When Tokyoites think of Shibamata, mugwort dango is among the first things that pop to mind. In the past, local farmers could only afford to make dumplings out of poor quality rice. To improve the taste and color, people would add mugwort to the blend. Worshippers of Taishakuten at the end of the Edo period were so impressed with the delicacy that the path leading to the temple began to be filled with mugwort dango stands. Today, there are six mugwort dango shops on both sides of the path, each advertising a slightly different taste.
Established in 1868, this long-standing confectionery shop serves freshly-made, aromatic mugwort rice dumplings with a traditional character. Topped with red bean paste painstakingly made from Hokkaido’s Tokachi beans, this traditional recipe has been time-tested and found irresistible. You can also choose from other flavors or have a try at Shibamata-mochi, a mugwort rice cake with red bean fillings. Confectionery making course taught by professionals are available upon reservation.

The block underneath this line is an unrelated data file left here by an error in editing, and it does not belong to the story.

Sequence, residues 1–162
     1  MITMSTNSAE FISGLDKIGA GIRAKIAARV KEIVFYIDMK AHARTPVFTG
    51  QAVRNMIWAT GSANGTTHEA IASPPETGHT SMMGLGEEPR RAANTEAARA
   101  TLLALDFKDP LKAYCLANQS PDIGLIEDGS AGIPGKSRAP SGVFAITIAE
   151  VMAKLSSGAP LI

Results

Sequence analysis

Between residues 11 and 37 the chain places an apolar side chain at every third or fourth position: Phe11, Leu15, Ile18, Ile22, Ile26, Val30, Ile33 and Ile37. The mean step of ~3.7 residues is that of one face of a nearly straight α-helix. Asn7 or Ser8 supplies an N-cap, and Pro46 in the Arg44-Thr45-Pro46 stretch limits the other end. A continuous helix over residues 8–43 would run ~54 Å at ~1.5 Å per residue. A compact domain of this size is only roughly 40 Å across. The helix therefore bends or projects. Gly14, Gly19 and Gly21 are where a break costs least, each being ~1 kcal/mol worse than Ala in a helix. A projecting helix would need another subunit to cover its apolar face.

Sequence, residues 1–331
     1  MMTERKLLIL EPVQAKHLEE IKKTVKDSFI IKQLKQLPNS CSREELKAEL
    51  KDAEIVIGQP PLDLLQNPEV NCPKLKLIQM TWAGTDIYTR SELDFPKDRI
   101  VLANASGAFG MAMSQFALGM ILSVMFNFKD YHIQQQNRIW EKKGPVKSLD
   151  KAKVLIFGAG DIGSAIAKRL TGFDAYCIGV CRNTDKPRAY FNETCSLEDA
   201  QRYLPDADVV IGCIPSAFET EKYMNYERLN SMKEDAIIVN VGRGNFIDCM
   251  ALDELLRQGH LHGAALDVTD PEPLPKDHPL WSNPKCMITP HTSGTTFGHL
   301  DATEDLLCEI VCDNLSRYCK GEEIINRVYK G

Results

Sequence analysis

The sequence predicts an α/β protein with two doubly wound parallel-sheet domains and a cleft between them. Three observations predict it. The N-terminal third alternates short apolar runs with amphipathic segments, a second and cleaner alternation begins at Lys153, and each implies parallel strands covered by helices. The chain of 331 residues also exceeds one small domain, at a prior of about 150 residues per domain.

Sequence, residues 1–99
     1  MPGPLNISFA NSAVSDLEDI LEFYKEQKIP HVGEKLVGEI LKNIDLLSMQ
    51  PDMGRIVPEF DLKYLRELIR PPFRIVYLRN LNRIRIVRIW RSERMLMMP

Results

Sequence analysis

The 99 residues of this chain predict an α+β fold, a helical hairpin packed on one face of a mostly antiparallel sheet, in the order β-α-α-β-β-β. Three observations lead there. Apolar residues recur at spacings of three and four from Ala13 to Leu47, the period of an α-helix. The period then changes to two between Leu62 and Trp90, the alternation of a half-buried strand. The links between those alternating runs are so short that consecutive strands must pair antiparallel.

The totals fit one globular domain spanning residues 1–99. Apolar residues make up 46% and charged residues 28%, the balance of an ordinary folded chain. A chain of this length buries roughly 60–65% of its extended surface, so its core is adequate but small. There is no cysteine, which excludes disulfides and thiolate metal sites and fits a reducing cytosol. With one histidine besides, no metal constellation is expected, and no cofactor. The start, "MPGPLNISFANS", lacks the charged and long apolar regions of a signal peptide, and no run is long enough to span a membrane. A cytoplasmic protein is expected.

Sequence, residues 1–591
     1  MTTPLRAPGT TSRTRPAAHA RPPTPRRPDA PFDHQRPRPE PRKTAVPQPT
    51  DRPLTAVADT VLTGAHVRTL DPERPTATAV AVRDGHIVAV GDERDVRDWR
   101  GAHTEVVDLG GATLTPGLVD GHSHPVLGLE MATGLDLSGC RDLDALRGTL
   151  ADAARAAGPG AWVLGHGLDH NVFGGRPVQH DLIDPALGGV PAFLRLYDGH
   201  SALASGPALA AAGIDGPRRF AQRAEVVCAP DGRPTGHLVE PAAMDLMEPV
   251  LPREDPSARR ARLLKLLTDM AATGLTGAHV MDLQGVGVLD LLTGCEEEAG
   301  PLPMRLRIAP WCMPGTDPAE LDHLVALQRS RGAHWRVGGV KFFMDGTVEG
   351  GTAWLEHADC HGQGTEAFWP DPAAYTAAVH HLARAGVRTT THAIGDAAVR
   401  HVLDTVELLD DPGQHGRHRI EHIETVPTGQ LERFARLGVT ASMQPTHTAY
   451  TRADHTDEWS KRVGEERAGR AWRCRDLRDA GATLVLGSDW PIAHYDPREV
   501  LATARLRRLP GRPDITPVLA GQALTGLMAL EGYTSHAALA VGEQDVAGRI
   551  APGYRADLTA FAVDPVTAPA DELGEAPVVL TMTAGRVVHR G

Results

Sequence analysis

Hours: 7am-5:30pm (reservation is required for confectionery making course)
Address: 7-7-4 Shibamata, Katsushika-ku, Tokyo
Website: http://www.takagiya.co.jp/index.html (Japanese)
The rice dumpling shop in the movie “Otoko Wa Tsurai Yo” was actually a replica of Kameya Honpo, an old establishment that dates back to 1910. Besides classic mugwort rice dumplings, there is a list of seasonal exclusive items to choose from. Mugwort rice dumpling ice cream is one of their best sellers.
Hours: 9pm-5:30pm Address: 7-7-9 Shibamata, Katsushika-ku, Tokyo
Website: http://www.kameyahonpo.com/index.html (Japanese)